Branch Secretary :

To Make HAs Better Landlords, Make Them Better Employers!

The government has published a paper seeking views on their 'vision' for social housing, which they say should provide "safe, secure homes that help people get on with their lives." If this is truly their aim, then government needs to focus not just on measures directly aimed at tenants, residents and service users, but on the way that housing associations treat their staff too. 


Our branch represents members in around 170 housing associations. On a daily basis, through individual casework and collective disputes, our reps and officers receive a litany of complaints about bullying management, draconian and counter-productive policies, and cuts to pay and other terms and conditions. Often, the excuse used by HA executives is that it is necessary to keep down staffing costs in order to invest in housing development and services to tenants. In fact, the money saved through these efficiency drives is rarely invested in such worthy causes, ending up recycled instead into HA executive salaries. Inside Housing reported that CEO pay within the sector rose by "an inflation-busting increase of 4%", much higher than any settlements reported by our members, and that "the average housing officer earned £21,000 – a rise of 2.2% on the previous year". Top earners receive salaries not far off £400k. The evidence also shows that the current agenda is failing miserably on delivering housing which is affordable to  rent or buy (see our earlier analysis of the Green Paper here). Nor is the sector's record on handling complaints benefitting from these 'efficiencies'. The Housing Ombudsman reported earlier in the year that the number of complaints that went forward into their formal remit for investigation after completing the landlord’s complaints procedure increased by 7%" (here). 



While the discussion paper's aims are laudable, unless there is more pressure on housing associations to treat their staff fairly, there will be no significant improvement in the standards of services for tenants, residents and other service users. Many of our members care passionately about the work that they do, and stay in the sector because they want meaningful work, even if they could earn more elsewhere. Yet too many are being forced out. When HAs cut the number of fully trained staff, and replace them (if at all) with less qualified and experienced assistants, service users suffer longer waiting times and lower standards of care. When they artificially restrict the amount of time that maintenance staff can spend on repairs, they raise the likelihood that these repairs will be inadequate and of poor quality. When they penalise staff financially for taking time off when they are sick, they force workers to come into work when they are unwell, risking the welfare of those they come into contact with. When workers are offered a real-terms pay cut year-on-year, it increases turnover and means that service users rarely see the same support worker twice in a row, and the transient workforce is unable to gather the length of experience that is needed to deliver truly outstanding service.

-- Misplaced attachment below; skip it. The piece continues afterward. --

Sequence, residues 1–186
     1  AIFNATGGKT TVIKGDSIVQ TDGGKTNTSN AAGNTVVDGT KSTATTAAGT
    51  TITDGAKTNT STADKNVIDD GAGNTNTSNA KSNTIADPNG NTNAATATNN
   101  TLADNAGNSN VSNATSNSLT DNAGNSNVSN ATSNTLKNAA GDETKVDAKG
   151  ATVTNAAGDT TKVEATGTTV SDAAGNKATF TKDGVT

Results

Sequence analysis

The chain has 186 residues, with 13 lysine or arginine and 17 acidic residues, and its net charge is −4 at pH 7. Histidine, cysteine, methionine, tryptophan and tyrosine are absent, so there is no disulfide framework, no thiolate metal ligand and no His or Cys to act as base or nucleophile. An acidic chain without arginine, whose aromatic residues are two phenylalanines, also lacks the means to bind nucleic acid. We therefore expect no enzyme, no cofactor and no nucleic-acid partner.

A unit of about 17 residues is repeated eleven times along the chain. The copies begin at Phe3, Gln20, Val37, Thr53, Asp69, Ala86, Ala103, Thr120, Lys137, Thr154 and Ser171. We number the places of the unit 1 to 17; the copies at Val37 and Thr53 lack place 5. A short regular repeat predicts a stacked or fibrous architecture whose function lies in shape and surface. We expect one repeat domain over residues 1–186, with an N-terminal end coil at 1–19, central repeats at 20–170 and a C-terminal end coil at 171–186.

A review of the articles published on our website stand testament to the deplorable attitudes of housing associations towards their own staff, and by extension, their residents and service users. We recently reported that Catalyst, one of the largest and richest housing associations, unilaterally introduced a sickness policy which resulted in managers being forced to issue formal written warnings to staff who have been signed off as unfit to work by their doctor, and meant that staff reported for work despite being sick (here). We reported on the behaviour of Peabody, another mega-association and a household name, who threaten to move their call centre for Peabody Direct out of London and admit that the majority of staff won't transfer with the service. These staff are expertly trained to pick up on social issues including child safeguarding, domestic violence and poverty, and the loss of their experience will surely put vulnerable people at risk, as well as undermining the quality of this service (here).



Our news pages abound with such examples, in each case, it is possible to show that when staff pay, terms and working conditions are attacked, there is a knock-on detriment for tenants, residents and service users. Government needs to improve the level of legal protections for employees, and ensure that workers are involved in decision-making on the strategy and direction of their employer. Adopting the 'Sector Standards' developed by this branch would be a good place to start. They need to recognise trade unions in order to safeguard against bad practice and provide a route to redress when employers behave badly. They must also take wages and staffing levels out of comparisons on 'value for money' to end the 'race to the bottom' for employees. Unite campaigns daily on addressing these injustices, and it is only through such measures can a true and lasting improvement in service standards be achieved. This will benefit not just those who work in housing associations, but all those who rely on the vital services they provide.


19 August 2018


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